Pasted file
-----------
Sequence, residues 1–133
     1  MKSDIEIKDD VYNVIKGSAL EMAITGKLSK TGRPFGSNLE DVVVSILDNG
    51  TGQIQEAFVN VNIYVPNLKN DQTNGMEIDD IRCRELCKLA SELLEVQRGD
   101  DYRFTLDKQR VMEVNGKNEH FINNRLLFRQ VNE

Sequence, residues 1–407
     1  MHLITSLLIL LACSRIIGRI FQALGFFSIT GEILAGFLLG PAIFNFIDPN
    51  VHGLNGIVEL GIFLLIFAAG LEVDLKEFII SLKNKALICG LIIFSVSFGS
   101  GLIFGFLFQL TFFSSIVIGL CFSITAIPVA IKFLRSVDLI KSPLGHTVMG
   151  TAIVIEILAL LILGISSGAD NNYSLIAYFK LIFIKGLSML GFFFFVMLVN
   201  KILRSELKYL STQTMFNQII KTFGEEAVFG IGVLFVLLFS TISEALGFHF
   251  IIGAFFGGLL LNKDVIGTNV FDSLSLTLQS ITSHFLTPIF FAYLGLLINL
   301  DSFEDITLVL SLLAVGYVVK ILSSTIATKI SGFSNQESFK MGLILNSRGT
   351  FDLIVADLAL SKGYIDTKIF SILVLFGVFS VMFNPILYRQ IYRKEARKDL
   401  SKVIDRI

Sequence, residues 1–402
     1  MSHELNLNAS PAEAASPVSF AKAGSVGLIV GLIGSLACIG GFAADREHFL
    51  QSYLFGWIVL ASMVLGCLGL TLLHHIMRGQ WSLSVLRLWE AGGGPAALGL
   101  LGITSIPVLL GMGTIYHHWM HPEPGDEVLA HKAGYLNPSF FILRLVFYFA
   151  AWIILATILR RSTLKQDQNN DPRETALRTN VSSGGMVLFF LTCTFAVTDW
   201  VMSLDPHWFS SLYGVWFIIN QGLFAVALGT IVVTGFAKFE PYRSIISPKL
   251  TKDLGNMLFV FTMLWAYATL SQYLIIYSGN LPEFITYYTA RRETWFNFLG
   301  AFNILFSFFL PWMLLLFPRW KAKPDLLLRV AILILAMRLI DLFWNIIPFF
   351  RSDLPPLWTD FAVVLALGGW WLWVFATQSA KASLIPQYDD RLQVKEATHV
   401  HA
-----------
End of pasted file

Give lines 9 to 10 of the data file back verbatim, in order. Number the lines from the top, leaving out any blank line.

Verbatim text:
   151  TAIVIEILAL LILGISSGAD NNYSLIAYFK LIFIKGLSML GFFFFVMLVN
   201  KILRSELKYL STQTMFNQII KTFGEEAVFG IGVLFVLLFS TISEALGFHF